|Title||Sexual Identity and Self-Rated Health in Midlife: Evidence from the Health and Retirement Study|
|Publication Type||Journal Article|
|Year of Publication||2021|
|Authors||Liu, H, Hsieh, N, Lai, W-hua|
|Keywords||Self-rated health, sexual identity|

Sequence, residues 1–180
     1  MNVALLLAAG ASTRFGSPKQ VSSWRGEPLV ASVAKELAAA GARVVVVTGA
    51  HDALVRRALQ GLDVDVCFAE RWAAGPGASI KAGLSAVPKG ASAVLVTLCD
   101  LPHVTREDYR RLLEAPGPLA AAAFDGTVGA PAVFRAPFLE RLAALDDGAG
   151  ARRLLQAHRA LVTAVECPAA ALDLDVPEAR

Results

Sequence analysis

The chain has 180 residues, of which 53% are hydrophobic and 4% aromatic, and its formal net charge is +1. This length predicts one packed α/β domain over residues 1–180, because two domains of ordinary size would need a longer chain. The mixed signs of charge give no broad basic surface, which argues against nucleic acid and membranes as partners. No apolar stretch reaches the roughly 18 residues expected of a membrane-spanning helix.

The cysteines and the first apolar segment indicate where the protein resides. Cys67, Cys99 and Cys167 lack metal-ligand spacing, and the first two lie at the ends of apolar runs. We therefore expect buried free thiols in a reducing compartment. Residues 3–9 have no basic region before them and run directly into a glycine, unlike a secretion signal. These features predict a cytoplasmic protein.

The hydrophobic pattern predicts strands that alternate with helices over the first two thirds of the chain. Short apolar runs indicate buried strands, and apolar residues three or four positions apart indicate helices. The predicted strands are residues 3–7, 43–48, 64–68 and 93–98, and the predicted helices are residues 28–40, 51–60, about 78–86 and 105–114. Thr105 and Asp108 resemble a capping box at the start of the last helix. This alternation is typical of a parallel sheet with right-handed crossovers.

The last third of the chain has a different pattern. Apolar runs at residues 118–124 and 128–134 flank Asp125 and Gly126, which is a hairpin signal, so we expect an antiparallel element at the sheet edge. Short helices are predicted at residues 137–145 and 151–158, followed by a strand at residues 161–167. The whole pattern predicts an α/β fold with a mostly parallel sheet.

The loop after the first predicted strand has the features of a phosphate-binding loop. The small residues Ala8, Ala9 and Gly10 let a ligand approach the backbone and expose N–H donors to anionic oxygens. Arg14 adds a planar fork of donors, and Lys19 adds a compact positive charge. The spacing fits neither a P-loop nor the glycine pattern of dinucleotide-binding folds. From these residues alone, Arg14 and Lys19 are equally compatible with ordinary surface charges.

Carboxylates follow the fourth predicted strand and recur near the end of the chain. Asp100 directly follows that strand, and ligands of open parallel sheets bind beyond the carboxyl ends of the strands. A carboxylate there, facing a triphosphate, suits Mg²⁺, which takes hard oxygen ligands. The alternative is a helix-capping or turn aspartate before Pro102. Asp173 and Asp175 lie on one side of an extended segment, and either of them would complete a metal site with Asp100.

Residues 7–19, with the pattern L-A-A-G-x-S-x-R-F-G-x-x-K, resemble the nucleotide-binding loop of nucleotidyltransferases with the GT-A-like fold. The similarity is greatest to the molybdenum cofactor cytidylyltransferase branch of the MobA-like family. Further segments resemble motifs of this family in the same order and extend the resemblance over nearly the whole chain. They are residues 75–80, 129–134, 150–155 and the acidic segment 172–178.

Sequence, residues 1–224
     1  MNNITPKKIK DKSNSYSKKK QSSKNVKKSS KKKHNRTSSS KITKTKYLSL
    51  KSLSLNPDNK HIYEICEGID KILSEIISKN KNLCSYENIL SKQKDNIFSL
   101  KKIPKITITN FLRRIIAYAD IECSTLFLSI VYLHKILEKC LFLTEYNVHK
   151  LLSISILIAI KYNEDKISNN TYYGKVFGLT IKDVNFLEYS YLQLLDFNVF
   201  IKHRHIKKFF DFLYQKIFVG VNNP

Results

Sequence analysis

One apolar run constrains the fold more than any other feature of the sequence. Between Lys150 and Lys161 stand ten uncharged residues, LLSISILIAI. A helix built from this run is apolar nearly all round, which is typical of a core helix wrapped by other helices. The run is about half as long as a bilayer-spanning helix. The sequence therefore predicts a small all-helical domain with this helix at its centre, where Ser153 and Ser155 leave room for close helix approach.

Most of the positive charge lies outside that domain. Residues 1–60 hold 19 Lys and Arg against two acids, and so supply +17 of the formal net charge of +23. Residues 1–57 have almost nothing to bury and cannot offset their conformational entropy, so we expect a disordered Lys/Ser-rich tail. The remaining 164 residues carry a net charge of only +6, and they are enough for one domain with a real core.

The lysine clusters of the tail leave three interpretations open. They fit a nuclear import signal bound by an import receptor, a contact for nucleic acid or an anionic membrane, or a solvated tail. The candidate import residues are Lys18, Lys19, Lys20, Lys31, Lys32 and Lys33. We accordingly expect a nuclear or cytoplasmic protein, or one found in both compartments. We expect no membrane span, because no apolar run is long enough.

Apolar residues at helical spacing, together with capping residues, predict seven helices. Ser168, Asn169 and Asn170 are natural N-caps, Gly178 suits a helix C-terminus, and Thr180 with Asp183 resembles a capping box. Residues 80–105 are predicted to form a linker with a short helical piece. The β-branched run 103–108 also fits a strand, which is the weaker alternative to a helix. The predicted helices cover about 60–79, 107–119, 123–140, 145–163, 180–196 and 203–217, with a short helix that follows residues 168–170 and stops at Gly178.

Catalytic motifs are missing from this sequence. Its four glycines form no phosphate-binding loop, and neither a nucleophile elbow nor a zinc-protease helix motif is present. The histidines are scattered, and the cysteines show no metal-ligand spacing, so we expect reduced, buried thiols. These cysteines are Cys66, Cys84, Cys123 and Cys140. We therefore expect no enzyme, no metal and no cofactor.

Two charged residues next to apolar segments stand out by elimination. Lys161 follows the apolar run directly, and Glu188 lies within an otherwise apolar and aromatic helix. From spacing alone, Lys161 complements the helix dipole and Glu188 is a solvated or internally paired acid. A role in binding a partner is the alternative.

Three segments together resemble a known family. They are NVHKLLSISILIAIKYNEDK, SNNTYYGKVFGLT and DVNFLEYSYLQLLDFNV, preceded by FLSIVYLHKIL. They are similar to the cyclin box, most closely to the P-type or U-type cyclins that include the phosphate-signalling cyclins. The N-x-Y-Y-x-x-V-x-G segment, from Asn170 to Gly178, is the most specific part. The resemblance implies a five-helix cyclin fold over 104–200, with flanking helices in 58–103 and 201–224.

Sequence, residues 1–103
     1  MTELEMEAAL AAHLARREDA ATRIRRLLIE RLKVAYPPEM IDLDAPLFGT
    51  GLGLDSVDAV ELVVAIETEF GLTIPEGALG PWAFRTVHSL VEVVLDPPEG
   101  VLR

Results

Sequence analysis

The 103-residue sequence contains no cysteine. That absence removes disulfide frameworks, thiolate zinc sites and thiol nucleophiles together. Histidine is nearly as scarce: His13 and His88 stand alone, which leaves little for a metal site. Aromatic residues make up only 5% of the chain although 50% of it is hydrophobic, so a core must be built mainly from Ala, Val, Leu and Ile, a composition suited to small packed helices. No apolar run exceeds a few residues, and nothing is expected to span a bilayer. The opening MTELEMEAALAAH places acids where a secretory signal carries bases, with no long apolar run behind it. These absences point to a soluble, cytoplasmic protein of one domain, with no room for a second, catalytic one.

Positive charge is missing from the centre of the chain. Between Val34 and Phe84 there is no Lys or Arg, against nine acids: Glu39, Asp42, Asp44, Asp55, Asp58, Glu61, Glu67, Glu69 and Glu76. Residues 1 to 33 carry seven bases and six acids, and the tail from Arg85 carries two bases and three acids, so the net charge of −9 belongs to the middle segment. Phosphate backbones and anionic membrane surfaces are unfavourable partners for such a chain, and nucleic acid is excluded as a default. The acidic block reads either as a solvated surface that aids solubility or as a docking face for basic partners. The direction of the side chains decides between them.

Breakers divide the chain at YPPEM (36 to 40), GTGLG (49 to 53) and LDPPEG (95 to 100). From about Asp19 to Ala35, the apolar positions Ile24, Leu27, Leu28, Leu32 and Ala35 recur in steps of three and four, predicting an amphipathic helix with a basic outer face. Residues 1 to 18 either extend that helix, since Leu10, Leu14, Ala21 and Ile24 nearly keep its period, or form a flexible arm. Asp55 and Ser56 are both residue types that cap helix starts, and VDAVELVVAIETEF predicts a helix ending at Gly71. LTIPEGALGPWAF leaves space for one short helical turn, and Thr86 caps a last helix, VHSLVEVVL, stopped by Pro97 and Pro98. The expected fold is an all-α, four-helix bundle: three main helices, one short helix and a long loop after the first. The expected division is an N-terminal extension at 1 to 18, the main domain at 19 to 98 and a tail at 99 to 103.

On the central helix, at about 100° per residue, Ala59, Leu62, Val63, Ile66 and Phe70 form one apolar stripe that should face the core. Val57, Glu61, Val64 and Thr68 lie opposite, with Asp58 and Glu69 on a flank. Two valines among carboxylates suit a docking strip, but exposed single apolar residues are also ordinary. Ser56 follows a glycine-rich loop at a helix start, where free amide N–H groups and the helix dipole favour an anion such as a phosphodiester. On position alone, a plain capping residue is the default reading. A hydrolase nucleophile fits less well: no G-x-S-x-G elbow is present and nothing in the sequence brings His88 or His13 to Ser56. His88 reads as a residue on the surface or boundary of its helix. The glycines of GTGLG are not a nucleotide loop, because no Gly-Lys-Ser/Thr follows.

Purpose: This study examined health disparities among U.S. sexual minority people in midlife—a critical life course stage that is largely overlooked in the sexual minority health literature. Methods: Data were drawn from the 2016 Health and Retirement Study. We restricted the analysis to respondents aged 50–65. The final sample consisted of 3623 respondents, including 3418 self-identified heterosexual individuals, 99 self-identified gay/lesbian individuals, 38 self-identified bisexual individuals, and 68 respondents who identified as “something else.” Ordinal logistic regression models were estimated to predict the odds of reporting better health. Results: Bisexual midlifers reported significantly worse health than their heterosexual counterparts after age, gender, and race-ethnicity are controlled for (OR=0.43, 95% CI=0.25–0.76); this health disparity is mostly explained by marital status, socioeconomic status, and health behaviors (in particular smoking and exercising). We did not find evidence of a self-rated health disadvantage among gay and lesbian midlifers relative to their heterosexual counterparts. Conclusion: These findings highlight the diversity of the sexual minority population in midlife. Public policies and programs should be designed and implemented at the interpersonal and institutional levels to eliminate health and other social disadvantages among sexual minority people, in particular bisexual people, in midlife.